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Immune hemolytic anemia associated with negative routine serology.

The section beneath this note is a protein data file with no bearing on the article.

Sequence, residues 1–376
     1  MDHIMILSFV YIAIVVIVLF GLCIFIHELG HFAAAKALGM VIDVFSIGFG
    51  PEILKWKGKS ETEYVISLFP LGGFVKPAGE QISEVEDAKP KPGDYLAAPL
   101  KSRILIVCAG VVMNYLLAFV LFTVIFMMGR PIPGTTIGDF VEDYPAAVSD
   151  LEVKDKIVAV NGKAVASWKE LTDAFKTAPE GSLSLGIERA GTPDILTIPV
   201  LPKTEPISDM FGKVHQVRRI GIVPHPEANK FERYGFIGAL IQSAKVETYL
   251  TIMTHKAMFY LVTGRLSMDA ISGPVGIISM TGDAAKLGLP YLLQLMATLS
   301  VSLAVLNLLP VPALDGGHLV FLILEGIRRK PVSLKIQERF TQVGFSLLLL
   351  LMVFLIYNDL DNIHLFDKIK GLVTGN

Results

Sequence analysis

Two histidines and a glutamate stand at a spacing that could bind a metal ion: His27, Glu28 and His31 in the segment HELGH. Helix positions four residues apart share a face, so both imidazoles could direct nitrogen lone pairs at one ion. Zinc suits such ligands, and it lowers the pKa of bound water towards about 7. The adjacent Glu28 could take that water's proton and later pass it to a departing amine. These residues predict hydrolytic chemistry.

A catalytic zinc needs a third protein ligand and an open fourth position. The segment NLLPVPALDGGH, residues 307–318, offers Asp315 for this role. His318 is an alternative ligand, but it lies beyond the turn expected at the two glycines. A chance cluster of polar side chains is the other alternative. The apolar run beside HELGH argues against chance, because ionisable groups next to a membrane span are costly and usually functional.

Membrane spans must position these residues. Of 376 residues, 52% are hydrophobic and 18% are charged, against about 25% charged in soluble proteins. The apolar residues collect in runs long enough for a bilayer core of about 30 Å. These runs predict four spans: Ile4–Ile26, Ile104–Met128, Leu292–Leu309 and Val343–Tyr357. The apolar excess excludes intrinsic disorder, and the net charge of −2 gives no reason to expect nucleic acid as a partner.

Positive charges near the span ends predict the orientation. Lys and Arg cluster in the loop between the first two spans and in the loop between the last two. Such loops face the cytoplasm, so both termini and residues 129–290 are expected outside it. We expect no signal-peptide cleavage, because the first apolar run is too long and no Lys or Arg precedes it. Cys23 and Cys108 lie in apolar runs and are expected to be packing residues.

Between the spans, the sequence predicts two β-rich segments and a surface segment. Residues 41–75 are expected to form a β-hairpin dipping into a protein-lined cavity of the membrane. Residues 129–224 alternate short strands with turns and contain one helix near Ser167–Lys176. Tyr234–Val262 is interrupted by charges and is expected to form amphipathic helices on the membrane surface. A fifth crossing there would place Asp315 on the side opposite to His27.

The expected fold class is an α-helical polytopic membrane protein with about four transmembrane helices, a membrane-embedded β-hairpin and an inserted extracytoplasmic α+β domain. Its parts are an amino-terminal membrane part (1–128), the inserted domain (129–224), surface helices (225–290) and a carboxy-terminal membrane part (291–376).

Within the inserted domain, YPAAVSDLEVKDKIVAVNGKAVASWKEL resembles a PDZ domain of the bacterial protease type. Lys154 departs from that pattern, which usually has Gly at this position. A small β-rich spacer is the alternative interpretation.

Immune hemolytic anemia can occur in patients who have no antibodies detectable by routine procedures (direct [DAT] and indirect [IAT] antiglobulin tests). DAT-negative autoimmune hemolytic anemias (AIHAs) represent 5% to 10% of all AIHAs. Three causes have been identified: (1) small numbers of red blood cell (RBC)-bound IgG molecules below the threshold of the DAT; (2) IgA and IgM autoantibodies; and (3) low-affinity autoantibodies. Antibody-independent cytotoxic events caused by natural killer (NK) cells have also been implicated. DATs are sometimes found to be positive when tested by reference laboratories, due to poor technique in reading antiglobulin tests in hospital laboratories. Hemolytic transfusion reactions also can occur when no alloantibodies are detectable by routine procedures. In some cases antibodies can be detected by special serologic procedures (such as the Polybrene test); in other instances phenotypically matched RBCs survive well and a specific antigen can be shown to be involved, suggesting a specificity (like anti-C) that is undetectable by any technique. Antibodies other than to blood group antigens, such as human leukocyte antigen (HLA) antibodies, may sometimes be involved.

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